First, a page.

An article in the Dec. 26 Style section about the Patricia M. Sitar Center for the Arts incorrectly reported the name of the Jacob & Charlotte Lehrman Foundation. (Published 1/3/03)
It's been an especially good month at the Patricia M. Sitar Center for the Arts. The relatively young after-school program in Adams Morgan not only received a Mayor's Arts Award and a $25,000 check from the Robert Lehrman Family Foundation but also found a bigger home.
It's time to move out and up in the world.
The center offers classes in music, visual arts, creative writing, theater and dance each weekday afternoon and on Saturdays. About 150 children participate at the center, which charges $10 a semester for each student, who then can take as many classes as he or she wants. The program's strong reliance on volunteer teachers provides a high level of community involvement. And it helps keep costs down.
The center started in 1996 as the musical component of Good Shepherd Ministries, an after-school academic program that Patricia M. Sitar formed in 1985. Known back then as the Good Shepherd Music Center, the program became stable enough after a few years to spin off on its own. When it did, executive director and founder Rhonda M. Buckley named the center for Sitar.
In January 2000, the Sitar Center opened in the basement of an apartment building at 2525 Ontario Rd. NW.
"We really want to be able to offer an expressive outlet for kids," says Buckley.
She says the students at the community center reflect the racial, ethnic and class diversity of the Adams Morgan neighborhood.
"We don't want kids to not be able to take classes here because they can't afford it," she says.
The nonprofit school depends on volunteers -- some of whom are from the Washington Conservatory, the Levine School of Music, the Washington Ballet and the Corcoran College of Art and Design.
That's what caught the eye of Robert Lehrman, president of the Hirshhorn Museum's board of trustees.
"We were so tremendously impressed with the sense of participation," says Lehrman, whose family foundation awarded the center its annual Impact Award at a holiday concert this month. The prize includes a $25,000 check.
The center also received the Mayor's Arts Award for Outstanding Contribution to Arts Education at a ceremony at the Lincoln Theatre this month.
The Sitar Center's small facilities have forced it to turn some children away, Buckley says. But that problem will be solved soon. Its $25,000 award enabled the center to sign a lease last week for a new space in the neighborhood that's four times larger than the one on Ontario. Buckley hopes to be moved by the fall and has plans to increase the center's capacity to 500 children.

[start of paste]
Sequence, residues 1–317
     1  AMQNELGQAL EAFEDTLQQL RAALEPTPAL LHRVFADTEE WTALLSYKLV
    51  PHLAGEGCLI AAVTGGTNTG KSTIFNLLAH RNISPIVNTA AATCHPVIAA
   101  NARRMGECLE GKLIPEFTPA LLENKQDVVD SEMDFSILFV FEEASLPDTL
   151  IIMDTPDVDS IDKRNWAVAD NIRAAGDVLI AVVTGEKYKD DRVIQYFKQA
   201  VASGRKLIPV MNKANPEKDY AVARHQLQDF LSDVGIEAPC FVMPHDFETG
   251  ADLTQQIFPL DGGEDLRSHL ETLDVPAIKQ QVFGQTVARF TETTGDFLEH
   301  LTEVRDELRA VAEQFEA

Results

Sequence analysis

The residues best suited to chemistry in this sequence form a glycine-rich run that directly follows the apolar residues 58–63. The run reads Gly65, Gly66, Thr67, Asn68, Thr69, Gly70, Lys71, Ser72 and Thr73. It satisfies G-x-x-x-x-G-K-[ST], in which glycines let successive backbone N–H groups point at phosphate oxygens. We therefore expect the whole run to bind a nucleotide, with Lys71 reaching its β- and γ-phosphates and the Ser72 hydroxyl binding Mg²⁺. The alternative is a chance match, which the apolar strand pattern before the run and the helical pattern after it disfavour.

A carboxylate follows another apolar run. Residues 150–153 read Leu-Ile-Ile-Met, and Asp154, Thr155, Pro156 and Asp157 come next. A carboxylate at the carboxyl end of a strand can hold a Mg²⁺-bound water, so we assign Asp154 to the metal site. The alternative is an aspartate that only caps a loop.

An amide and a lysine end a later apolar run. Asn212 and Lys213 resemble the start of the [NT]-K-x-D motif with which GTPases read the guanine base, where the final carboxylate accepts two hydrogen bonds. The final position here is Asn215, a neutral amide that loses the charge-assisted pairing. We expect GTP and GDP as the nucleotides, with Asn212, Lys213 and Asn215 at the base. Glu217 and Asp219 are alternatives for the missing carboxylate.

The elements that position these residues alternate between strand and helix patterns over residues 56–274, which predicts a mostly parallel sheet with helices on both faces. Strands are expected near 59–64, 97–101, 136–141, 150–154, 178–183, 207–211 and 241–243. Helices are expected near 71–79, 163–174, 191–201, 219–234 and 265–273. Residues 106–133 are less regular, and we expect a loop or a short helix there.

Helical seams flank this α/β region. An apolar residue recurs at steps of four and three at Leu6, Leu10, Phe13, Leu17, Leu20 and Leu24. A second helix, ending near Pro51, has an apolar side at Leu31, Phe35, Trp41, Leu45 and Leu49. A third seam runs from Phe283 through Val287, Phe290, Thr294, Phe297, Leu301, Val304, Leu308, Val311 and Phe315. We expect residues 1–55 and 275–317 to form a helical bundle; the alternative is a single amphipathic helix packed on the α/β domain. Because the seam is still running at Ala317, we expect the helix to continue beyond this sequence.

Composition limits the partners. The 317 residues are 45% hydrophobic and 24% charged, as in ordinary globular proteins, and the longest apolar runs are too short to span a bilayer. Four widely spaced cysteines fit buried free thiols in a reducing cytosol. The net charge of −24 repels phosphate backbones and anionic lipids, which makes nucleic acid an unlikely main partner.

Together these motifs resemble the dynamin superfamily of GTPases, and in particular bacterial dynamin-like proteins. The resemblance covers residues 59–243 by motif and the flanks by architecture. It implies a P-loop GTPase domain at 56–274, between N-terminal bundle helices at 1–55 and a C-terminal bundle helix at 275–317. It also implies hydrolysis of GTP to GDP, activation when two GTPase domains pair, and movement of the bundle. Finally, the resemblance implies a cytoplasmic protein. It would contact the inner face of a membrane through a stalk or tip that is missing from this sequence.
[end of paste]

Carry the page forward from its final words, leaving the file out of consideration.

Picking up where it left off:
There are also plans to open the program -- limited to Adams Morgan so far -- to the nearby communities of Columbia Heights and Mount Pleasant.
The music program is the largest and most popular aspect of the center, but contrary to its name, no one plays the sitar. Buckley, who plays the saxophone professionally, says that's only because they haven't found someone to teach it.
She says, "If a sitar player emerged, that would be so cool."
Drawn to Faces
Scott Fertig likes faces. He's obsessed.
He goes to the local Starbucks weekly for a face fix and a shot of caffeine as he surreptitiously draws in his sketchbook.
Ten years ago, he found a way to feed his compulsion and make a little money -- all on the up and up. Fertig is a caricaturist, specifically, a caricaturist who works the party scene.
At a recent holiday party for C.W. Strittmatter, a trucking company, Fertig set up near the entrance, his homemade contraption of art supplies on his right, a marquee of caricatures on his left. As he worked, the likes of Tiger Woods, Cher, Jennifer Aniston and Mr. Spock looked over his shoulder.
Soon Fertig was outlining the features of two brothers who'd sat down across from him.
"I'm going to frame it for sure," said the boys' mother.
Mark Cornwell, whose wife works for the Strittmatter company, watched Fertig work.
"It's the little things that he does that bring it to life -- a little color on the eyebrows," Cornwell said.
Fertig uses pencils and pens, markers and paint to produce about 10 faces an hour.
"I like to have a lot of different tools and mediums," says Fertig, 35. "If you get too used to one tool, you make things that look more generic."
The artist started drawing when he was 3, he says, and never stopped. He studied art at Carnegie Mellon University in Pittsburgh, where he grew up.
Caricaturing isn't his only form. Fertig's landscapes and city scenes have been hung in galleries, including a 45-piece exhibition that ended this week in Pittsburgh.
"If I don't do that, I don't feel like a real artist," Fertig says. "Since I was a kid, I loved cartooning and I loved Hudson River School paintings -- landscapes.
Each, he says, has its positives. He's less restricted when he's working on his own time, free to paint whatever he wants. With the caricature, he often draws what a subject wants to see.
"At the old folks home, you don't draw every wrinkle," he says. "When I'm doing caricatures, I'm both an artist and an entertainer."